The Reincarnation of Bell Labs

From Wikimedia Commons

Take one look at the former Bell Labs headquarters in Holmdel, N.J., and you realize that this was a place built for people who dream big.

As you approach the building on Bell Laboratory Road, arising out of nowhere is a 60-foot sculpture of a transistor, an invention born at Bell Labs that launched a computer revolution that is still underway.

Then you see it: a 2 million square-foot behemoth of steel and glass, designed by famed Finnish-American Eero Sarineen, known best for his Gateway Arch in St. Louis. It’s a box that spans three football fields, built in 1962 in the mid-century modernist style, sleek and glistening in stark contrast to the leafy flora of suburban New Jersey.

Bell Labs was the best-funded and most successful corporate research laboratory the world has ever seen. At the Holmdel site alone, Bell researchers invented the cell phone and discovered background radiation, a critical step in the development of the Big Bang hypothesis. In its decades-long prime, beginning in the 1930s and extending until the end of the AT&T (T) monopoly, the lab produced eight Nobel Prize-winning discoveries and even helped the United States win World War II.

(R-L) The 1978 Nobel Prize in Physics winning Bell Telephone Labs scientists Robert Wilson & Arno Penzias in front of the antenna which helped them discover cosmic microwave background radiation.
The 1978 Nobel Prize in Physics winning Bell Telephone Labs scientists Robert Wilson (right) and Arno Penzias (left) in front of the antenna which helped them discover cosmic microwave background radiation.
Photograph by Ted Thai — The LIFE Picture Collection/Getty Images


But the breakup of Ma Bell was the beginning of the end for Bell Labs. The organization exists today as a subsidiary of Alcatel-Lucent (ALU), but it is a shell of its former self. The Holmdel location was put on the market in 2005, a few years following the dot-com crash that sent Lucent’s stock price tumbling and destroyed whatever dreams the company had of returning Bell Labs to its glorious past.

Ralph Zucker, president of Somerset Development, soon got wind that the historic site would be put up for sale. Lucent initially held talks with Preferred Real Estate Investments, which planned to knock the building down. But when the deal crumbled amid protests from the scientific community, Somerset swooped in.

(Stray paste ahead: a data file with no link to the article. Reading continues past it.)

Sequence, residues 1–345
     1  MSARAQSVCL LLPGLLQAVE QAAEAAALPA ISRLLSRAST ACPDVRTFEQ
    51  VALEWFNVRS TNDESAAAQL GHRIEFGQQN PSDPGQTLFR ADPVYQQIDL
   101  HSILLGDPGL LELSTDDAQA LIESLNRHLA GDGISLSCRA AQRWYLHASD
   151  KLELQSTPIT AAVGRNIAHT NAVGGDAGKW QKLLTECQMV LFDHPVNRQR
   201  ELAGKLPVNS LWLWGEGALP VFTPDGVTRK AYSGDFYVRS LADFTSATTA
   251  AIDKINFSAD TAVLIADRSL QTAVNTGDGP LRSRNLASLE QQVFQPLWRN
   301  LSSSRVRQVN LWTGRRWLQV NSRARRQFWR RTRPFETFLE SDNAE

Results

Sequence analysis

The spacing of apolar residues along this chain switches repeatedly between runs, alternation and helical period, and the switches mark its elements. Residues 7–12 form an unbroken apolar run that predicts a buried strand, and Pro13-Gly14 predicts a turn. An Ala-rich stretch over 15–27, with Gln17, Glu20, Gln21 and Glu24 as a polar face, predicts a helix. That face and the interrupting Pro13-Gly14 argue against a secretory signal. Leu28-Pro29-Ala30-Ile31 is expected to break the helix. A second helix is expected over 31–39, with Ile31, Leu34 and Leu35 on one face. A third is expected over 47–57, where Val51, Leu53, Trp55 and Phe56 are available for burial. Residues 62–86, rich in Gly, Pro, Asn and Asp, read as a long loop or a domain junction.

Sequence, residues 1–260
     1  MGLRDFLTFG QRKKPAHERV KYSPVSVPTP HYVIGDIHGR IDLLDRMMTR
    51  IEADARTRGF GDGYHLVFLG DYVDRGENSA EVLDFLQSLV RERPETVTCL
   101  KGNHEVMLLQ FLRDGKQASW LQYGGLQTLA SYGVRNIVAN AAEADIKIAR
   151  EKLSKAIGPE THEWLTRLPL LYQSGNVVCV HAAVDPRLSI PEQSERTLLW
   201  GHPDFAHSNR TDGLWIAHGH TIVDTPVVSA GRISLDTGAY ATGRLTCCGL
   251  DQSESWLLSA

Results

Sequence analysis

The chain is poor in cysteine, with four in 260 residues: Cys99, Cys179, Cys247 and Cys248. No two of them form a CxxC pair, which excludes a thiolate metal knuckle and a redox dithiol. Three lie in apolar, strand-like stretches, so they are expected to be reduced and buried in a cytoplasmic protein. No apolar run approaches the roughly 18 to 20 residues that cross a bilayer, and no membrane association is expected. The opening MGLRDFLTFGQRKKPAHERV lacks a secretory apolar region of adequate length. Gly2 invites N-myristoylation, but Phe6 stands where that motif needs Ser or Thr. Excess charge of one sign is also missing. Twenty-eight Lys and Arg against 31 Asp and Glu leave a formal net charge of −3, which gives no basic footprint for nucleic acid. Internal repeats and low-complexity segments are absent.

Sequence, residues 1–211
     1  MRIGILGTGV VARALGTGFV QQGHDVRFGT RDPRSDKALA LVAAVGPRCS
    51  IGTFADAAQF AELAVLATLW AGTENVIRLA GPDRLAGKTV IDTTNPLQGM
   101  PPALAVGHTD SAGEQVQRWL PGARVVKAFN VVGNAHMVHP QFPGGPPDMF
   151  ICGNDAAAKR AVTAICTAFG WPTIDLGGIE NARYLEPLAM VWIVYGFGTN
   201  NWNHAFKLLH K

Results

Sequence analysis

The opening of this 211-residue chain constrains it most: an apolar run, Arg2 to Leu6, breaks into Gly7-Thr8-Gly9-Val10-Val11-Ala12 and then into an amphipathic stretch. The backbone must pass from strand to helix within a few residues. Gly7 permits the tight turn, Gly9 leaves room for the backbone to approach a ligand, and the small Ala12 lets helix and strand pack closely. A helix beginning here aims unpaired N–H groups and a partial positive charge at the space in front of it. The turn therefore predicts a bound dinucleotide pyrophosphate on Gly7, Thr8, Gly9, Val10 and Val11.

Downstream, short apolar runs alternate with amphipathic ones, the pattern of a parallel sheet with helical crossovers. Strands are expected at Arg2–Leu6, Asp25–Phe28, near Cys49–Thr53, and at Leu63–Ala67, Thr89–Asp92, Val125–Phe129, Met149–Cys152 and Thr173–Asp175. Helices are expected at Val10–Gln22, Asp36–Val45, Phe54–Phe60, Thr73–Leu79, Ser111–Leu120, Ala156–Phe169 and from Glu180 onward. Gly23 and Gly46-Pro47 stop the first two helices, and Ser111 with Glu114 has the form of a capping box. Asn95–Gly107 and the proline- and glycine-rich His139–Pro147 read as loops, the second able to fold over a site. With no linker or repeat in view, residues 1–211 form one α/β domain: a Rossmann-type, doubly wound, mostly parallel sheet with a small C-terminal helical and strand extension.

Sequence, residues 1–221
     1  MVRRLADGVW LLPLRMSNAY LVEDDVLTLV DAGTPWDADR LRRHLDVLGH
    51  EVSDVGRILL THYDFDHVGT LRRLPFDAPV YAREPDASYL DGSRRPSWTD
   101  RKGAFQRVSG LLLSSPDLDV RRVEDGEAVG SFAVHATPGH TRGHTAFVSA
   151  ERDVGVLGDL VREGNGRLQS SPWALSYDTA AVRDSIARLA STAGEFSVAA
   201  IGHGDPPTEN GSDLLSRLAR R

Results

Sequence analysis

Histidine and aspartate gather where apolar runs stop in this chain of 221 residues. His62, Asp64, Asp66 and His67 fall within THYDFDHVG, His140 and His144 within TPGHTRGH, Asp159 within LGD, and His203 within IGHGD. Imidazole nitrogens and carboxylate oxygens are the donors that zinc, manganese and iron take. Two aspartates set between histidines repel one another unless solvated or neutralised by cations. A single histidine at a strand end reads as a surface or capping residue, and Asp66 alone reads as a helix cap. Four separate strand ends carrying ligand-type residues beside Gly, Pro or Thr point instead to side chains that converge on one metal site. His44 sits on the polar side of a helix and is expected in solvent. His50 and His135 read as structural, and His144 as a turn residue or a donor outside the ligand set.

Watching that deal fall apart, Zucker saw an opportunity. “Lucent was in a bit of a conundrum,” says Zucker. There isn’t much demand for 2 million-square-foot buildings these days, in an era when companies are radically reducing the amount of work space they devote to individual employees.

Zucker wasn’t interested in turning the Bell Labs site into a museum. But he did feel he could turn a profit and still protect the building’s history. He planned to turn the structure into a town center, open 24-7, filled with restaurants, shops, and offices that would function as an “urban oasis in the middle of the suburbs, as well as a monument to American ingenuity,” Zucker says.

Zucker isn’t the only developer trying to find new uses for outdated, sprawling suburban corporate campuses. As companies downsize their office space, they have also moved closer to cities, where they can attract the best young talent.(The latest example is logging giant Weyerhauser (WY), which will vacate its 1 million-plus square foot suburban campus and set up a new headquarters in downtown Seattle). According to commercial real estate analytics firm Reis, the vacancy rate for office space in the suburbs is 18.4%, compared to 13.4% in urban areas. Northern New Jersey’s vacancy rate is even higher than the national suburban average—close to 20%. Experts call these empty office spaces “white elephants.” Figuring out what to do with them is a huge concern for both property developers and municipalities, which depend on the property taxes paid by large corporations to fund basic services.